Dissident artist Ai Weiwei warned the Chinese government that its attempts to censor the internet would inevitably fail, in an article published in Monday's Guardian newspaper.
Ai, who was held for 81 days last year as police rounded up dissidents amid online calls for Arab-style protests in China, wrote in the British newspaper that new "real identity" rules to curb troublesome microbloggers would only "push the problem to the next generation".
"In the long run, they (the government) must understand it's not possible for them to control the internet unless they shut it off - and they can't live with the consequences of that," he wrote.
"The people will always have the last word - even if someone has a very weak, quiet voice. Such power will collapse because of a whisper.
"The internet is uncontrollable. And if the internet is uncontrollable, freedom will win. It's as simple as that," he added.
Separately, Google co-founder Sergey Brin told the paper that online freedom was under severe threat from governments and giant internet firms like Facebook.
"I am more worried than I have been in the past," he said. "It's scary."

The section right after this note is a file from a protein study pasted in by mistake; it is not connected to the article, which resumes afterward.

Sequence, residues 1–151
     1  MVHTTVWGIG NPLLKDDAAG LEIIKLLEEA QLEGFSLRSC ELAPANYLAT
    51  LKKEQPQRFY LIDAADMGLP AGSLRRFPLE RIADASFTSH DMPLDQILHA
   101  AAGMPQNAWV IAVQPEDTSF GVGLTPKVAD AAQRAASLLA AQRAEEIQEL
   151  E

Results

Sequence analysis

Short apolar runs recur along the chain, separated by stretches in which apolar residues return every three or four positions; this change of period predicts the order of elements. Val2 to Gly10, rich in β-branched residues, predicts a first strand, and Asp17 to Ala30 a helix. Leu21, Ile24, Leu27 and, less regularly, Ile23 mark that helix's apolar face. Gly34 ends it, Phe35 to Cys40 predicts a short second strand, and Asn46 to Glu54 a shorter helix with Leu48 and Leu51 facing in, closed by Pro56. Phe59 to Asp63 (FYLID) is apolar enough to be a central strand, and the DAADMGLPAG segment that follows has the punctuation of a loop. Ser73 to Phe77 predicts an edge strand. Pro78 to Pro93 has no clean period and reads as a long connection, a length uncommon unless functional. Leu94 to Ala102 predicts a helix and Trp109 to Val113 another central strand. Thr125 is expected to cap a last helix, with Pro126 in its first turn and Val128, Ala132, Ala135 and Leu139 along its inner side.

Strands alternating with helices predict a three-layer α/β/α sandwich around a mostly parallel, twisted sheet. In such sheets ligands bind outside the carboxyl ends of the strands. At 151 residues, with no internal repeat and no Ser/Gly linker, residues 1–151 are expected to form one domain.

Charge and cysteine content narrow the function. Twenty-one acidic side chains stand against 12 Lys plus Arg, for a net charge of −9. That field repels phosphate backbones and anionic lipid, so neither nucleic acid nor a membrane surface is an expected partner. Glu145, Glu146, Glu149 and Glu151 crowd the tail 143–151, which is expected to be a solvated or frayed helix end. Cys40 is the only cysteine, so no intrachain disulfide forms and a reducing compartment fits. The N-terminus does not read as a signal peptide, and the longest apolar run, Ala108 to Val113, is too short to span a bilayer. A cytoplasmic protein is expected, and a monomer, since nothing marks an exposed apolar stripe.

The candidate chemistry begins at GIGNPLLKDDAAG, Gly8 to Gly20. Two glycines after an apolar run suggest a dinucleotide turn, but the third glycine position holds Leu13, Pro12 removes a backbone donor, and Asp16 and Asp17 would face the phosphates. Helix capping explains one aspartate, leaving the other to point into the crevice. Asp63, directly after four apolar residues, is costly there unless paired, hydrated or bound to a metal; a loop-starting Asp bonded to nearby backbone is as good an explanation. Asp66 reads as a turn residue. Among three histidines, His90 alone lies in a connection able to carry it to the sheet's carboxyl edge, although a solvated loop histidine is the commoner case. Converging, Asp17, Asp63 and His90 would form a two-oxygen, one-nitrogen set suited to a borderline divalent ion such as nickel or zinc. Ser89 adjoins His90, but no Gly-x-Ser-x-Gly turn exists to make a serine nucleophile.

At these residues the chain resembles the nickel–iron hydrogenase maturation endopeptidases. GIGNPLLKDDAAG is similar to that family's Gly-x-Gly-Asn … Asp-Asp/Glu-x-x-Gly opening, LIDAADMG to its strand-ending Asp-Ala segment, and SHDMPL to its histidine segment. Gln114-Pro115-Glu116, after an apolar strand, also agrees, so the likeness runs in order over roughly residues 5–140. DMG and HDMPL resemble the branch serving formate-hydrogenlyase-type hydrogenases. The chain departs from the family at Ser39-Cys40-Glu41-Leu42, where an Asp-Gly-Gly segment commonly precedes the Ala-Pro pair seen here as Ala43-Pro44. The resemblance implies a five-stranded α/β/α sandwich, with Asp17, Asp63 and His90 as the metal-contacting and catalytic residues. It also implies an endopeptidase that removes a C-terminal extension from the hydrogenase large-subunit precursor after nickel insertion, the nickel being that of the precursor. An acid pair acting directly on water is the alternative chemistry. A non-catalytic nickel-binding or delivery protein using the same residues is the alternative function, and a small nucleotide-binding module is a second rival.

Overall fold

He cited "powerful forces", including countries eager to control the communication channels of their citizens, the entertainment industry's keenness to stamp out piracy and the software constraints imposed by firms such as Facebook and Apple.
The 38-year-old billionaire, who was reported to be behind Google's partial withdrawal from China in 2010, disagreed with Ai's belief that China would have to loosen its censorship laws.
"I thought there was no way to put the genie back in the bottle, but now it seems in certain areas the genie has been put back in the bottle," he told the Guardian.
Brin also claimed that Google would not have survived in today's climate due to the control that Facebook, which is due for a mammoth stock market flotation, exerts over the internet.